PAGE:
Placements with international non-profit organisations develop responsible leaders, claims new report

18 Sep 2017
Papers stacked in a filing cabinet drawer

A new report from the University of Winchester, in partnership with Emerging World, has revealed that sending employees abroad to apply their skills to projects to benefit emerging markets can develop more responsible leaders.

Corporate International Service Learning (CISL) programmes send business employees across international borders to apply their work-based skills to a project or other assignment for a charity or non-governmental organisation. Businesses might send a sales executive to Africa to support a local start-up with their business development skills or a banker could help a deprived inner-city community build a budget and business plan. The aim is to inspire global citizenship, helping employees further develop their leadership skills while delivering real social impact.

Dr Karen Blakeley, Head of the Centre for Responsible Management at the University of Winchester Business School, said: "Business leaders are some of the most powerful people on the planet and, in recognition of this, the 2017 World Economic Forum called on business leaders to become more responsible. Responsible leaders build successful businesses that actively contribute towards greater fairness, integrity, human flourishing and environmental sustainability in the world. Very few studies have been conducted on responsible leadership development, so I was delighted to support Emerging World in their research."

The 2017 CISL Impact Benchmark study, which was led by the specialist leadership development consultancy Emerging World, used long-term cross-company research to measure the positive impact of the programme on participants and companies. It builds on pioneering research from 2015, surveying programme participants from five companies about the positive business impact of CISL twelve months after the completion of their programmes.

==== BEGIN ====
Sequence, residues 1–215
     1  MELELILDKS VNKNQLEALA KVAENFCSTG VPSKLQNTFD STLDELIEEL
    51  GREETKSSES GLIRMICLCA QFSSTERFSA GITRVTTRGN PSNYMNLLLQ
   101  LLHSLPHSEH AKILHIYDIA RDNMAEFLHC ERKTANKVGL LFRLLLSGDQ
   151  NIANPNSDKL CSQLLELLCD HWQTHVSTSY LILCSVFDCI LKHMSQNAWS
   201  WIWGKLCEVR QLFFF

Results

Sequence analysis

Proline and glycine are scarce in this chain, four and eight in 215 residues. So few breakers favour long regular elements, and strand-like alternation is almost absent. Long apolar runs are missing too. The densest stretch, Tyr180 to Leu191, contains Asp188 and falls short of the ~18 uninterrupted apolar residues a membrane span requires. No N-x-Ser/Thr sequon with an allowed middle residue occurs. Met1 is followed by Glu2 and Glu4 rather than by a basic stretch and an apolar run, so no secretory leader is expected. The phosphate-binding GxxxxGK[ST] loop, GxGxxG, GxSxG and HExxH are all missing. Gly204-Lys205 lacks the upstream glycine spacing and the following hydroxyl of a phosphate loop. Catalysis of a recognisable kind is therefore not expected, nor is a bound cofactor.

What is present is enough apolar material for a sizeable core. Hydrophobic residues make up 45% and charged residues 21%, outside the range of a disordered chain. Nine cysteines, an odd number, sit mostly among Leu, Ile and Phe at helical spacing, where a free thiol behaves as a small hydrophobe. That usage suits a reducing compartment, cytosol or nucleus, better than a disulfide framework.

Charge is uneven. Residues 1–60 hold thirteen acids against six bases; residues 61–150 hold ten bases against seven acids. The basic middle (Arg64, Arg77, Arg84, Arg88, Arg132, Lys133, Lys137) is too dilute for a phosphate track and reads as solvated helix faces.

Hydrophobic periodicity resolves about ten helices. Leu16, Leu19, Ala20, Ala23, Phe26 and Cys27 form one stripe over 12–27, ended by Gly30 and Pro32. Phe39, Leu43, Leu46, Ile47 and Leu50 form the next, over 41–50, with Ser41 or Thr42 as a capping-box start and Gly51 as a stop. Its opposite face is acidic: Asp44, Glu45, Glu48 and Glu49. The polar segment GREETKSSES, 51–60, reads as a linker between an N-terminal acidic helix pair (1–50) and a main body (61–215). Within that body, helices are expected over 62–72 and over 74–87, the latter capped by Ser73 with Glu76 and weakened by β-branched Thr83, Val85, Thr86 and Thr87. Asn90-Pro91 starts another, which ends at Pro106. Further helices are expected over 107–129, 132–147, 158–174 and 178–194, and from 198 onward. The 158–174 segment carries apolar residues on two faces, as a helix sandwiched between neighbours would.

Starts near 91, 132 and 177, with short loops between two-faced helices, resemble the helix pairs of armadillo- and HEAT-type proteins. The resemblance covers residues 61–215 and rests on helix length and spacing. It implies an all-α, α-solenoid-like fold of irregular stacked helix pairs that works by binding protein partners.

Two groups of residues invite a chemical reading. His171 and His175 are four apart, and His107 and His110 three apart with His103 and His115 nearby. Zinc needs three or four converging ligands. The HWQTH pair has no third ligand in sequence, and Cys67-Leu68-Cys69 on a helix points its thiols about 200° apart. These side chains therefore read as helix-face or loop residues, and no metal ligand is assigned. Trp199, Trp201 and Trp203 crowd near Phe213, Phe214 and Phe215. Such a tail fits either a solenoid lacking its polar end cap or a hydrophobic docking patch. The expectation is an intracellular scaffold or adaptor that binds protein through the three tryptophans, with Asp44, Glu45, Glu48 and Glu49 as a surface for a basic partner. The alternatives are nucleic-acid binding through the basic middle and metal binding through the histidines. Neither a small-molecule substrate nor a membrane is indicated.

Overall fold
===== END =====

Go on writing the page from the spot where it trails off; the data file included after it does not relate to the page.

Dr Blakeley found that CISL was not only effective in developing more responsible leaders but that it also develops people with the courage to take action based on their new thinking, even if this involves some risk. She also found that attitudes within senior management teams make a huge impact and that senior leadership championing of a CISL programme inspired employees to further the company's corporate responsibility efforts. This shows that being a responsible leader encourages others to become responsible leaders themselves. 

"We know we need to encourage more responsible leadership but it is not always clear how this can be done," said Dr Blakeley. "This study shows that Corporate International Service Learning actively contributes to the creation of more responsible leadership throughout the system. This is because CISL encourages individuals to place themselves outside their comfort zones in order to face physical, emotional and spiritual challenges, building the character required to take responsible leadership."

The University of Winchester Business School is recognised as a global leader in responsible business education. It is one of only three schools in the UK to hold a position as a PRME Champion for its dedication to the United Nations' backed Principles for Responsible Management Education (PRME) to inspire and champion responsible management education, research and thought leadership. The University is also home to the Centre for Responsible Management which hosts a range of courses, talks and qualifications. 

Dr Blakeley said, "At the University of Winchester, we are committed to developing our students – at any age or stage in life – as effective and fulfilled global citizens who will be prepared to challenge the status quo and become the responsible leaders of tomorrow."​

The 2017 CISL Impact Benchmark Study are published online on the Emerging World website. It can be downloaded here: ​


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